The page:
Formation of HONO

As already discussed, a major source of HONO is believed to be heterogeneous reactions of NOz, includ

Time (PST)

FIGURE 7.8 Calculated rates of formation of OH radical from photolysis of HONO, 03, and HCHO at Long Beach, California, on December fO, 1987 (adapted from Winer and Biermann, f994).

ing that with water adsorbed on various surfaces and with reactive sites on the surface of soot. During the day, it can also be formed by the reaction of OH with NO:

This termolecular reaction is in the falloff region between second and third order at 1 atm pressure and 298 K. It has a low-pressure limiting rate constant of k{) = 7.0 X 10"31 cm6 molecule-2 s~' and a high-pressure limiting rate constant of k^ = 3.6 X 10"" cm3 molecule"1 s"1 at 300 K (DeMore et al., 1997). Since most OH sources require photolysis of some precursor, this reaction would be expected to be most important during the daylight hours. However, because HONO photolyzes so rapidly during the day, significant concentrations are not generated (see Problem 6).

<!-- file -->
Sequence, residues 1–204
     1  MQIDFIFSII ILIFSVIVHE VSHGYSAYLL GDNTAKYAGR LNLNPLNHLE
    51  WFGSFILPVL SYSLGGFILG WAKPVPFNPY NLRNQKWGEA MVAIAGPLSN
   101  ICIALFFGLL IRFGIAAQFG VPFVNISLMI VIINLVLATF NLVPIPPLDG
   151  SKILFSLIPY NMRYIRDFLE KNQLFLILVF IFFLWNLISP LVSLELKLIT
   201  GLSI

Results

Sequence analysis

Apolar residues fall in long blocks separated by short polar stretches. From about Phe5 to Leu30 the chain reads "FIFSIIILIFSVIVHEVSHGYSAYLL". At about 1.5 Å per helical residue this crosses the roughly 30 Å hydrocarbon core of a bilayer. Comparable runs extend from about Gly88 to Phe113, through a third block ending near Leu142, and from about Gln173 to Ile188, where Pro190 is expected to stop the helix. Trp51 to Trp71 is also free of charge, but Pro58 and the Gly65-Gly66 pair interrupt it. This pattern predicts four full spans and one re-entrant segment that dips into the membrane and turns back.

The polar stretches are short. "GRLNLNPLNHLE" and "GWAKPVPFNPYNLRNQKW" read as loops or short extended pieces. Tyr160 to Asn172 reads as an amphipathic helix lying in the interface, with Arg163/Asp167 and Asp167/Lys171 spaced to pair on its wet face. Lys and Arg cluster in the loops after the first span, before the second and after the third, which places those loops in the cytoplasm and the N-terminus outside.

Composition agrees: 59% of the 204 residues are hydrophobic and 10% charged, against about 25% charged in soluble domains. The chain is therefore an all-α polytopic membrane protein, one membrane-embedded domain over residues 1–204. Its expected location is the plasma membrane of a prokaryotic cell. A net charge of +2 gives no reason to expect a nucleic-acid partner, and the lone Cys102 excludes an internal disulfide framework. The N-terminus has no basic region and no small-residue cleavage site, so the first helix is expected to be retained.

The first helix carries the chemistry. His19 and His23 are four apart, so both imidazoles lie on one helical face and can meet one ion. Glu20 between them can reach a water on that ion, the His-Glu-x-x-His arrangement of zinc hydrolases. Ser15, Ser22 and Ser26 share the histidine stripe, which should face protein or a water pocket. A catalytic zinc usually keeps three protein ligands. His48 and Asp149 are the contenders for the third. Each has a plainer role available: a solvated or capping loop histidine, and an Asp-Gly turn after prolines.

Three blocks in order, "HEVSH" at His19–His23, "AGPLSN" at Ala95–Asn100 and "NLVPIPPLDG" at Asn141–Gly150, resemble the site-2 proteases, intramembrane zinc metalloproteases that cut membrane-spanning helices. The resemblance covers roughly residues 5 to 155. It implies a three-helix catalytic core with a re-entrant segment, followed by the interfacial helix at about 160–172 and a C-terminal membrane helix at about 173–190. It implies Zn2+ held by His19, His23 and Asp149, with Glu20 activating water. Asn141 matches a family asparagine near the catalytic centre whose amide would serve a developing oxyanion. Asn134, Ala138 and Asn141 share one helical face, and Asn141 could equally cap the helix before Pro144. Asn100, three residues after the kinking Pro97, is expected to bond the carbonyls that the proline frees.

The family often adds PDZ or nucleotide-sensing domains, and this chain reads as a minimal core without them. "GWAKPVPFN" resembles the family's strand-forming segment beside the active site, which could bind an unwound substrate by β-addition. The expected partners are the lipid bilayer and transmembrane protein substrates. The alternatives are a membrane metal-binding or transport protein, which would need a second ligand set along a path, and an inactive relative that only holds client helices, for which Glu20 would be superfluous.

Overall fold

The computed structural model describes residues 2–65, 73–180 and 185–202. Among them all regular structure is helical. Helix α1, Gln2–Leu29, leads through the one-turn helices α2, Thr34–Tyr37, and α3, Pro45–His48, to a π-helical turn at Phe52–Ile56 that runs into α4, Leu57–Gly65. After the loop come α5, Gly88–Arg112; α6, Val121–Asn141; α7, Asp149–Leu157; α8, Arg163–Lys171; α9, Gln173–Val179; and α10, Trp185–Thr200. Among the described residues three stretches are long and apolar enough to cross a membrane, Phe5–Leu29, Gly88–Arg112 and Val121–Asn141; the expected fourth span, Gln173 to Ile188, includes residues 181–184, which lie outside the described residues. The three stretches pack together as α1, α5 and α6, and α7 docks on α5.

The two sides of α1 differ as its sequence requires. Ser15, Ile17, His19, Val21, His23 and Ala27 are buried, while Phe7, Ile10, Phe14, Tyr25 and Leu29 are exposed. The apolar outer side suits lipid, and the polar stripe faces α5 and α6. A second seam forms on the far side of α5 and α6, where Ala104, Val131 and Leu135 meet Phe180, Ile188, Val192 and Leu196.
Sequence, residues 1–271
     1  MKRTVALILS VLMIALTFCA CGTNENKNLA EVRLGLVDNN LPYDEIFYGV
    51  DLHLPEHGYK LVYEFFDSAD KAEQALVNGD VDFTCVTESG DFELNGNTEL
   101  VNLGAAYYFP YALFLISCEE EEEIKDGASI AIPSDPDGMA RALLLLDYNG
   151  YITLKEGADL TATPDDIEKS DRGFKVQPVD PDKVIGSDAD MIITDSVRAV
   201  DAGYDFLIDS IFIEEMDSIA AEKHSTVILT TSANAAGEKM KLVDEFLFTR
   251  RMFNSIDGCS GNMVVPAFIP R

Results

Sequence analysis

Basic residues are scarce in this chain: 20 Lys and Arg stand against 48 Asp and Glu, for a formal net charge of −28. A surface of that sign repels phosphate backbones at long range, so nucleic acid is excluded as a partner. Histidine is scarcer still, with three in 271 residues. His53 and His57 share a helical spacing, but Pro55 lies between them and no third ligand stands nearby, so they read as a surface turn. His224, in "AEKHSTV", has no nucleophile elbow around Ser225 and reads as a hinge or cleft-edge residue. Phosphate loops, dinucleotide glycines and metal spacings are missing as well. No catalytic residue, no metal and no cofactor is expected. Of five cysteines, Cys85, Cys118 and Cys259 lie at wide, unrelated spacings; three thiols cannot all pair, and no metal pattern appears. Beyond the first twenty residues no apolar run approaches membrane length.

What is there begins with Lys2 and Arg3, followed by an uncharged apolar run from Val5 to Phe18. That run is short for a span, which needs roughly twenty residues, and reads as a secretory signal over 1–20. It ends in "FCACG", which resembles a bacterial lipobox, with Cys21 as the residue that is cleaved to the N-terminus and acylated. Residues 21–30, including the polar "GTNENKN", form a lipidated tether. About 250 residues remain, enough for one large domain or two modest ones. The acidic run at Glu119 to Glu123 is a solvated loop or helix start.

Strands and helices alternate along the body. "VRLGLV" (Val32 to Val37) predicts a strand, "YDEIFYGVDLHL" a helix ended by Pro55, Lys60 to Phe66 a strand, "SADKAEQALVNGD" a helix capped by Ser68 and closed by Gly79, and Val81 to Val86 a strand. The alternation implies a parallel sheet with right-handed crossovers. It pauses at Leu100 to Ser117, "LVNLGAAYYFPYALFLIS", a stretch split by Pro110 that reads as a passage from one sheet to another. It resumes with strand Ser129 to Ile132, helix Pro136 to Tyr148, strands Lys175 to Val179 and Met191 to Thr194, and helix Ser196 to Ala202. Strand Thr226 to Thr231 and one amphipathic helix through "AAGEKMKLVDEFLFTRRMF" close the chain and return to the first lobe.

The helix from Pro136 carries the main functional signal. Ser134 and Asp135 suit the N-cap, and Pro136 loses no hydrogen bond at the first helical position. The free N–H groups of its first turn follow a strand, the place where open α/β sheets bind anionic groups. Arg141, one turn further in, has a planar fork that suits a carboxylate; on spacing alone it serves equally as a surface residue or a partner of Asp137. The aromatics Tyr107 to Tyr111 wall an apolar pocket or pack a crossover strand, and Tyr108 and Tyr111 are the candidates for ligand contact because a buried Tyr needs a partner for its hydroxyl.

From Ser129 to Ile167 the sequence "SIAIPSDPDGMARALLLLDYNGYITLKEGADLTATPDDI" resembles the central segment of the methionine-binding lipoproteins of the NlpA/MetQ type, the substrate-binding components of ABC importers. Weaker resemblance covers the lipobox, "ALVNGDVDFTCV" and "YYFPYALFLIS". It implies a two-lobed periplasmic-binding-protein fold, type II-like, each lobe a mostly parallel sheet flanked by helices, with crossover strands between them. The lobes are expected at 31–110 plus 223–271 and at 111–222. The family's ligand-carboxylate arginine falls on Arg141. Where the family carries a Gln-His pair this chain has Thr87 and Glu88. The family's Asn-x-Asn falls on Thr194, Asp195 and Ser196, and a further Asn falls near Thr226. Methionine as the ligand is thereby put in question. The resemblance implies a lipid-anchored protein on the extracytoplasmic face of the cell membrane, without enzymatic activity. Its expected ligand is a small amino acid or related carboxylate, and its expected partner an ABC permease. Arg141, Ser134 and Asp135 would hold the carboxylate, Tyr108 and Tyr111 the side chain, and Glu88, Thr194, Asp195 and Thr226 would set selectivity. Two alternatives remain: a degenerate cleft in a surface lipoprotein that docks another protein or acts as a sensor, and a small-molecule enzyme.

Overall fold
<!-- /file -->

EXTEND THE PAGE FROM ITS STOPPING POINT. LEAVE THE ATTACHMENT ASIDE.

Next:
Zhu and co-workers (1993) observed the formation of HONO in an environmental chamber during the decay of peroxynitric acid, H02N02, and suggested that H02N02, formed in the HOz + N02 reaction,

reacted heterogeneously on the walls of the reactor to form HONO:

Figure 7.9, for example, shows the decay of H02N02 and the formation of HONO and HNO, in their chamber. The peroxynitric acid was generated by reaction (27), where the H02 was formed by the bromine atom initiated oxidation of formaldehyde in air. Zhu et al.

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